then on to Lusaka where we had the van serviced ( thank you Mercedes Lusaka who didn’t attach the fuel filter properly …..AWA ) not a lot of tourist stuff to do but we went to Kilimanjaro a restaurant selling interesting local curios and a wonderful batik and pottery workshop before heading south to Kariba. Just outside Lusaka we picked up a white Zimbabwean hitchhiker who had come to Lusaka for a job interview and was heading back to Harare sign of the times……We spent a couple of days at Eagles Rest Camp before crossing into Zimbabwe. Despite our GB plates and obvious “Englishness” we couldn’t have had an easier crossing. How nice and what a surprise!
We went to Warthogs Bush Camp again right on the lake shore, whilst we were relaxing a group of 8 elephant decided to walk through the camp and say hello.

They sampled the rubbish in the bins,

tested out the kitchens

and then had a drink from the swimming pool.

“Hey, this is Africa” as the man in the bar said!

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Flatdogs camp

We spent a wonderful 5 days in South Luangwa at Flatdogscamp The camp is on the banks of the Luangwa river and you can watch hippos and crocodiles in the water from the riverside tents. Elephants, and hippo wander through the camp night and day so campers, not in the purpose built and protected tents are advised to use the tree top platforms to camp….

We were very pleased to be in our van where we slept soundly but Lewis in his eyrie hearing elephants in the night looked out to see an elephant trunk pulling leaves off the tree at eye level….he had tied his guy ropes on to some branches so spent the rest of the night worrying what would happen if an elephant pulled the branch off… would the guy rope snap or would the tent come off…..
We did a night drive with Edward and then using the rest of our 24hr entrance pass drove around in the van we saw one other vehicle in the entire day, not helpful when we had our first puncture in the whole trip and had to change the wheel with Lucy on lion watch. Thank you Lewis!
We saw the most wonderful variety of wildlife, fish eagles, Pels fish owl (huge) leopard up a tree with a kill

and on the riverbank as well as elephant,zebra, giraffe countless deer, wharthog, crocs (flatdogs in local parlance) and of course the hippo and thousands of monkeys and baboons. Brilliant.

A bloat of hippos (yes thats the collective noun for the next pub quiz!)

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No diesel in Malawi so on to Zambia

After a lovely few days at Chitimba we decided to press on south keeping to the lake shore, but the first leg was up into the hills reaching Mzuzu before heading back to the coast. No sign of diesel ( which had been in short supply for several weeks) so we turned back to the coast passing through miles of rubber plantations.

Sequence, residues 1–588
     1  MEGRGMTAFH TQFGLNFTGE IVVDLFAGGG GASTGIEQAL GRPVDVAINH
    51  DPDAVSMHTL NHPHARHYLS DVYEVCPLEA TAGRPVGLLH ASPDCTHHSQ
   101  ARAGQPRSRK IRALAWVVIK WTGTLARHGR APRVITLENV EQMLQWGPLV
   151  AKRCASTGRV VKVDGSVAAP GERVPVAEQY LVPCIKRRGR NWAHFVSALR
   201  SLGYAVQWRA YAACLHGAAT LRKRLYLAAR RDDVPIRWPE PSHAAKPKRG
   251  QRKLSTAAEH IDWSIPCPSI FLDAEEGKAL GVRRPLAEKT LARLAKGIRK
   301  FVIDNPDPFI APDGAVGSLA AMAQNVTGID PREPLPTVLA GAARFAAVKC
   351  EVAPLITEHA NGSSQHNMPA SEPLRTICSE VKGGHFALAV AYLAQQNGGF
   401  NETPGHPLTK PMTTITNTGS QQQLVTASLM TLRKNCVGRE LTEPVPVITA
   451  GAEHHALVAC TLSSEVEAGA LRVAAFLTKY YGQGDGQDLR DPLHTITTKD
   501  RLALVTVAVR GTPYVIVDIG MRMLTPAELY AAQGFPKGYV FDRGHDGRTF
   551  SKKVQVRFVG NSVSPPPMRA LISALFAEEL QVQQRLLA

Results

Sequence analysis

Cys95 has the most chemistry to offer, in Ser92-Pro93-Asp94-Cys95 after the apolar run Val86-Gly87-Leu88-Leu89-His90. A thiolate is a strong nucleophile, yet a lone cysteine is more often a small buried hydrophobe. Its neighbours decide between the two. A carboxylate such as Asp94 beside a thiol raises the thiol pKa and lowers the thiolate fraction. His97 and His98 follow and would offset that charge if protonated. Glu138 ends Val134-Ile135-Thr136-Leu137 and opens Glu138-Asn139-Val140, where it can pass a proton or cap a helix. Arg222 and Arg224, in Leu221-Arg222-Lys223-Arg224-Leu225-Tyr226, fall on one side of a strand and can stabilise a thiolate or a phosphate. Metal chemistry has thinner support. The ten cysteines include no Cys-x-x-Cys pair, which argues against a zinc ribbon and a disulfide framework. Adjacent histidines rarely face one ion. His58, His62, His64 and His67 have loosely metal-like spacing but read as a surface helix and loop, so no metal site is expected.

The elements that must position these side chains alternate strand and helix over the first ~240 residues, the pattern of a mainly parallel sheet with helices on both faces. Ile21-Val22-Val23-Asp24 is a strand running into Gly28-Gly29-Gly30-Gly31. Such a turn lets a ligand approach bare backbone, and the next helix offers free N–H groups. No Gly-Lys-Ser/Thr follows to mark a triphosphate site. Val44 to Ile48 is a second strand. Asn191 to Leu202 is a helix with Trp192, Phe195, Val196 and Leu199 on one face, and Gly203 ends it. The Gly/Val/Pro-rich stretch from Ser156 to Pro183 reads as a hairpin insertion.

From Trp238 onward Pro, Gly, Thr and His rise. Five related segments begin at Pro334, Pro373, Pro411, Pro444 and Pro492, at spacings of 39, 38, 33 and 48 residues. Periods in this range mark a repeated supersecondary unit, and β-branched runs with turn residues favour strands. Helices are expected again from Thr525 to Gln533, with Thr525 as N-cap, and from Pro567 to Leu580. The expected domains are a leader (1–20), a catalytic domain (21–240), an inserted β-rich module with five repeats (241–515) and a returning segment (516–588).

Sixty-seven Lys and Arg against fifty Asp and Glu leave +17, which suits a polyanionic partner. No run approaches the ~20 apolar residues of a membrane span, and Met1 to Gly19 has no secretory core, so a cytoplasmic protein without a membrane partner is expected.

The drive was spectacular but long…..and no fuel, so we were pleased to have 50 litres spare on the roof.
We spent the night in Senga bay and then headed for Lilongwe the capital… made the decision as there was still no fuel to go for the border after a couple of days at Mabuya camp with intermittent power caused by the fuel shortage. Tom and Jane who run the camp were wonderful as was the campsite.
The poverty statistics are quite simply horrific even by african measures 40% of the population live on less than US$1 a day and nearly 50% of the population are under 15. Life expectancy is 43.

I am told that cane mice(?) are delicious…
We met Lewis at the bar who was looking for a lift to South Luangwa National Park in Zambia, our next stop, so we gave him a ride to Flatdogs where Edward who had been to school with our sons was based. Bit of a drama just outside Chipata when the gear stick came off in me ‘and……

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A fine road to Malawi!

Bit of an unsettling last few days in Tanzania…4 French cyclists who we met were robbed at gun point, passports money the lot, just outside Dar. They were helped out by Lucio at Mikadi beach, the police didn’t understand that they had been robbed and couldn’t pay the 1000 shilling fee to report the crime or pay transport back to the campsite until they could get more money(!)… the next day another couple at the same campsite were robbed at knife point on the beach all rather disappointing because Tanzania had been terrific until then.
Our trip to Malawi was rather marred by 4 motoring offenses, overtaking a slow moving truck on a straight road with a dotted white centre line ( fine 20,000) doing 63kph in a 50 ( actual speed 40, fine 20,000) doing 53kph in a 50 (believable, fine 43,000 two offenses, speeding and disobeying the road sign ….) and lastly not having reflective tips on the van……( a must have accessory in this part of the world!) Anyway 14,000 miles three revolutions and only 4 “tickets” not too bad.
Apart from that, the drive through southern Tanzania was beautiful